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Animal, Jon Shook and Vinny Dotolo's Modern American Nose-to-Tail Cooking on Melrose Avenue in Beverly Grove

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Managed to luck into a dinner reservation at the apparently still-hot Animal, which I'd encountered in a New Yorker article a couple of years ago, forgotten the name of and then rediscovered while leafing cluelessly through the Food Lover's Guide To LA ("David, would you say we're more in 'Central City,' 'West Side,' or 'West of the 405'?"). Turns out the place was in walking distance (think Miracle Mile or The Fairfax District) and since someone was trying ot bail on a reservation, they needed to fill a table for five and we fit the bill.

What a great place. It's nose-to-tail at its finest, featuring uncomplicated but creative preparations. The chef/owners are largely lacking in formal kitchen training which -- as with the Ramones lack of actual music lessons -- seems to bring a simple but powerful focus to their work. There are a lot of ears, innards and the like on the menu, which changes daily but which is approximated on their website. Plates are small and five of us went through about a dozen, despite having worked through some very passsable red beans and rice at the (misnamed) LA Farmer's market just hours before. Highlights included -- well, pretty much fucking everything we ate, including the tendon crisps; the tandoori octopus with tamarind, mango and raita; a bit of flat iron steak prepared in such a way that it tasted exactly like what a Philly cheesesteak would taste like if they'd served it at that wedding in Cana and Jesus had addressed the entree after taking care of the beverages; and marrow with chimichurri. Surprisingly, or not, the kale and apple salad was great, and necessary to cut the cholesteral on occasion. And while I grow weary of Brussel Sprouts, serving them in a bowl with a poppable poached egg on top is not a bad way to go.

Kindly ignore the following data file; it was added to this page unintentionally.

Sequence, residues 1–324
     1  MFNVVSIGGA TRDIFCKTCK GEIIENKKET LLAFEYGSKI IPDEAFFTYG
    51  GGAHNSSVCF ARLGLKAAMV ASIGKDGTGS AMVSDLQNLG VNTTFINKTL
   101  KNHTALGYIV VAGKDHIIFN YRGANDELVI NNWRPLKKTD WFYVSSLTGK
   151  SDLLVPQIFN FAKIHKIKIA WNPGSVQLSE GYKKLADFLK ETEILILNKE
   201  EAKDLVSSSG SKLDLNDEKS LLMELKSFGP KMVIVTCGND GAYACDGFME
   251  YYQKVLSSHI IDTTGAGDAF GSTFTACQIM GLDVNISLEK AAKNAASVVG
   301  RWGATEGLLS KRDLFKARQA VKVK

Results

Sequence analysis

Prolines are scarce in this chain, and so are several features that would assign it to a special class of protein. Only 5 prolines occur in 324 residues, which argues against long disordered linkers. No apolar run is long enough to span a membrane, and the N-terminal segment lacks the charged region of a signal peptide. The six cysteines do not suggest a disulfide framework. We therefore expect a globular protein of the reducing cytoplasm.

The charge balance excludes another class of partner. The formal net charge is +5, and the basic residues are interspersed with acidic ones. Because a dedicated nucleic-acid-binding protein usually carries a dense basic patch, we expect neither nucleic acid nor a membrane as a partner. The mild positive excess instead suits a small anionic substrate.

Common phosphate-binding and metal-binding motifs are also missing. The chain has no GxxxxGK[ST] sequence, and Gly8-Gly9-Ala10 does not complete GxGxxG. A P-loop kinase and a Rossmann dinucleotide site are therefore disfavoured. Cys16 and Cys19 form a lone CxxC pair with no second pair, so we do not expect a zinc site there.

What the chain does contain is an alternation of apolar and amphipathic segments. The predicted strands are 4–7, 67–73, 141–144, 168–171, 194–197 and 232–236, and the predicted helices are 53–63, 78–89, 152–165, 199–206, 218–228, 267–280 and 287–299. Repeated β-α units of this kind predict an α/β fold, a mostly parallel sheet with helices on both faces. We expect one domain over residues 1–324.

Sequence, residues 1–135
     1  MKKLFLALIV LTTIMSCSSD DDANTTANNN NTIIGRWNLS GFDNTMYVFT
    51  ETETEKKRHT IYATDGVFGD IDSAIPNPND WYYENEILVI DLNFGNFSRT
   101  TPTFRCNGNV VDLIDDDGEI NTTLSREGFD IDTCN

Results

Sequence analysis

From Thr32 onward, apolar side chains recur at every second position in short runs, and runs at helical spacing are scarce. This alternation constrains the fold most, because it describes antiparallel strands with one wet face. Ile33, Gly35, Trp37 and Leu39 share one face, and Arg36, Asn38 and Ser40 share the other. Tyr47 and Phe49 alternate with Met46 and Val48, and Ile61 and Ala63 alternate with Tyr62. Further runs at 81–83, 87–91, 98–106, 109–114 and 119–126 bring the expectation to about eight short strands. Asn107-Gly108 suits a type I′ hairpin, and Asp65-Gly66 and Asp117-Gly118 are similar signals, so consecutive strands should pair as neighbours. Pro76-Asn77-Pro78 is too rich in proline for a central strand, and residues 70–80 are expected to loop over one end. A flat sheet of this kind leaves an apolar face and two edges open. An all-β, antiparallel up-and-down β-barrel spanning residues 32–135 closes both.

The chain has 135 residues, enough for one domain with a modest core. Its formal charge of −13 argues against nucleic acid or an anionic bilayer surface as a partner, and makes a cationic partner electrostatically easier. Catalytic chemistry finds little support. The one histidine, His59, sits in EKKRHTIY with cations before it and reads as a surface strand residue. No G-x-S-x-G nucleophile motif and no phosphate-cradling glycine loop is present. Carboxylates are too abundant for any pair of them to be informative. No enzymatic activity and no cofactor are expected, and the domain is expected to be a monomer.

Despite being the most obvious thing on the menu, the barbecued pork belly with slaw on buttered brioche is impossible to describe without falling into equally obvious cheap sexual metaphors (or similes) and -- in terms of pork-as-dessert -- far better than bacon chocolate (so we had a very creditable tres leches cake with a dulce de leche sauce, which seems as though it makes the dessert into actually a "quatro leches"-type dessert, but my Spanish is poor, so who knows).

The room is comfortable without being memorable -- high ceilings, spare art, wooden tables -- and the service is friendly. competent and unpretentious. Minimal but tasty wine list.

Prices per plate are generally low -- those tendon crisps are $4 -- but if you've ever been on a good two- or three-day crack binge, you know even at $10 a rock plate, prices add up. With 2.5 mid-priced bottles of wine, a few beers, tax and tip, we dropped about $600 for five people, and were delighted to have done so.

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